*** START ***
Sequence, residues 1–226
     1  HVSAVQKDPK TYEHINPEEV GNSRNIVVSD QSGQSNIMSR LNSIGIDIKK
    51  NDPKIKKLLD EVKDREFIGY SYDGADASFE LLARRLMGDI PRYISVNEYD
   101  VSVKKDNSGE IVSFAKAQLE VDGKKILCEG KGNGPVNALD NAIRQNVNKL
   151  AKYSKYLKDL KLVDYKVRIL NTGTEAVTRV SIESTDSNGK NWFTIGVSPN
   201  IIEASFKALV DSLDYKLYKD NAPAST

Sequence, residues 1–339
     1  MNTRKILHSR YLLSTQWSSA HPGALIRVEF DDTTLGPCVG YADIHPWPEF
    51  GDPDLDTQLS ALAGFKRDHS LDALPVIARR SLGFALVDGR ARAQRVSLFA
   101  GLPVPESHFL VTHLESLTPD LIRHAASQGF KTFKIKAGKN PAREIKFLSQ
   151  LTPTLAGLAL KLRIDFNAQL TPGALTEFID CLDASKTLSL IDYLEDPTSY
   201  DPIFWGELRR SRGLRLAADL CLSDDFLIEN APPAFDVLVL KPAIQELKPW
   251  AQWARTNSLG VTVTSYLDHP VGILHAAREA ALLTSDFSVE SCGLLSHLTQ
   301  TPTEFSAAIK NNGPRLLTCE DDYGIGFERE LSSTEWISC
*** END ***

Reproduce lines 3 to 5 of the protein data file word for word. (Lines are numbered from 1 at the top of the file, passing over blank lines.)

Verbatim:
    51  NDPKIKKLLD EVKDREFIGY SYDGADASFE LLARRLMGDI PRYISVNEYD
   101  VSVKKDNSGE IVSFAKAQLE VDGKKILCEG KGNGPVNALD NAIRQNVNKL
   151  AKYSKYLKDL KLVDYKVRIL NTGTEAVTRV SIESTDSNGK NWFTIGVSPN